On May 7, 1945, Germany learned that Raymond Jones of Seaboard, North Carolina, would turn 18 the next day and enlist in the U.S. Army. Rather than face THAT, Germany signed an unconditional surrender at Allied headquarters in Reims, France, to take effect the following day, ending the European conflict of World War II – and sparing my father from having to open a big old can of U.S. whoop &*^# on’em.
One thing about Mom, you always knew what she was thinking—whether you wanted to know or not. You also knew you were loved.
A few years ago Mom was on her way to the hairdresser when another driver ran a stop sign and smashed into her Buick. Mom got out, inspected the damage, and exchanged insurance information with the other driver. While waiting for the police to arrive, Mom popped the trunk and motioned the other woman to the trunk.
“My son’s a writer,” Mom announced, “and I’ve got some of his books. Do you want a copy?” I wasn’t at the crash site, but knowing Mom, I imagine the inflection in her voice was more like: “You do want a copy of my son’s book, right?” I’m almost certain of this because the woman bought one copy of my pirate novel. I bet the woman doesn’t even have kids.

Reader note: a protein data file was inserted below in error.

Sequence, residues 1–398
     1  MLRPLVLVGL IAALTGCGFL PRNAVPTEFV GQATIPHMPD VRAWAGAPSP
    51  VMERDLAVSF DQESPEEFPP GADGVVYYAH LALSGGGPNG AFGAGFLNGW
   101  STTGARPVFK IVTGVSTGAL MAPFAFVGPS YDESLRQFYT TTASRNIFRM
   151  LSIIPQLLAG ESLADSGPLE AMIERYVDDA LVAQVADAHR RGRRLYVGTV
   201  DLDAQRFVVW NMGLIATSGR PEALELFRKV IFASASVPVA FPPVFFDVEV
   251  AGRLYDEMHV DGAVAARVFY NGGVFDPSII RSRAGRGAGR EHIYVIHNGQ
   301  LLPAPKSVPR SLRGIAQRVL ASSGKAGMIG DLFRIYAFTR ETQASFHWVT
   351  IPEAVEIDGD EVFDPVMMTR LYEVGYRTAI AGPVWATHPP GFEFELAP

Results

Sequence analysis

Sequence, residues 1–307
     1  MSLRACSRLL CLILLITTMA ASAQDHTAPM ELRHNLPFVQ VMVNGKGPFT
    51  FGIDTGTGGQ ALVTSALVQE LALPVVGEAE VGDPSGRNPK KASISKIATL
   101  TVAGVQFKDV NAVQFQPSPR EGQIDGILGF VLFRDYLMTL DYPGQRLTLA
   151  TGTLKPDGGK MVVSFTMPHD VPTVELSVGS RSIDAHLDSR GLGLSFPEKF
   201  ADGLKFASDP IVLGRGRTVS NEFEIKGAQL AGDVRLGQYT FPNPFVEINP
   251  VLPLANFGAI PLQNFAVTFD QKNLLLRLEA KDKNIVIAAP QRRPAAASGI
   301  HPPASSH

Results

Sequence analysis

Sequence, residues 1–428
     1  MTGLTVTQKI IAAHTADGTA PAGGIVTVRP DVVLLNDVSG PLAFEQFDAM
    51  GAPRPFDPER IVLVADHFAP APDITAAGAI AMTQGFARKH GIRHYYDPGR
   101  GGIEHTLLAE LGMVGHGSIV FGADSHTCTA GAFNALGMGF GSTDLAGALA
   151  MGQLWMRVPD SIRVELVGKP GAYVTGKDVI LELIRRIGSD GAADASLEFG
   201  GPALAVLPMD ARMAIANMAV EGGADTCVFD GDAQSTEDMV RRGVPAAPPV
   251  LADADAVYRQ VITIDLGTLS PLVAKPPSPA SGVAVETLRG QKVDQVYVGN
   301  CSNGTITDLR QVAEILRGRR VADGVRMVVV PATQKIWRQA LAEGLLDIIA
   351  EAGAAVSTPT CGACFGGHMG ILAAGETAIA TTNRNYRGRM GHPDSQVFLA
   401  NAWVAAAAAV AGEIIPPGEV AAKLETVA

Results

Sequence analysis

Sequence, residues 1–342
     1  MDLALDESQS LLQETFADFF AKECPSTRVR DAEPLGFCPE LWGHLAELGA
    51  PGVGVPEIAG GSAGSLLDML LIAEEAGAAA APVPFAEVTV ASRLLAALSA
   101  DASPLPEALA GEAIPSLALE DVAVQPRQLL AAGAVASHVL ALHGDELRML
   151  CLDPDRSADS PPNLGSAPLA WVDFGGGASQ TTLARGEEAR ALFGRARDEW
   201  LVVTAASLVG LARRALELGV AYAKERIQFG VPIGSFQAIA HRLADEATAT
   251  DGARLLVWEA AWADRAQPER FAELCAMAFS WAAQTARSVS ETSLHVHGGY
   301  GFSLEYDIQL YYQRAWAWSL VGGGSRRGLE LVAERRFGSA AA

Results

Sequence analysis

But that was Mom–always hawking my books and asking me how my writing was going. She worried constantly I wouldn’t make enough as a writer to support my family. I kept telling her our daily provision is God’s business; mine was to be obedient and write stories that reflect His truths.
In 2012 I lost my biggest fan and best salesperson.
The last thing Mom told me was, “I’m not as young as I used to be, Son. You need to come see me once in a while.”
I will, Mom. One of these days we’ll be together, again.
If you’re blessed enough to still have your mom around, give her a hug and whisper, “Love you, Mom.” Trust me, it’s the best and cheapest gift there is.
Love you, Mom.
What makes a character compelling? Simple. Something happens to them. Even if you despise your (_____), you enjoy telling others about his failures. “Did you hear what happened to my ex? He got busted for…” We love to loath, meddle in the affairs of others, and watch them fail. Our participation in their lives expands our world, which explains part of what fuels reality TV.
• Reveal heart
• Face obstacles
• Pick paths
• Make a discovery
• Reveal a secret
Characters Conquer Mountains
For your characters to be likable they should be witty, charming, wise, friendly, empathetic, authentic, encouraging, secure, or vulnerable. If your lead is perfect she’s boring, so give her both redeeming qualities and flaws so the reader can relate.
Give Your Lead Goals
• What does she want?
• What is she willing to do to reach her goal?
• What WILL she do to reach that goal?
• What is she willing to sacrifice?
• What happens if the she fails?
• Is your Lead larger than life?
(Does he lay in the middle of highway, hang from a Ferris wheel, and rebuild an old house for the girl he loves?)
Want, Need, Motivation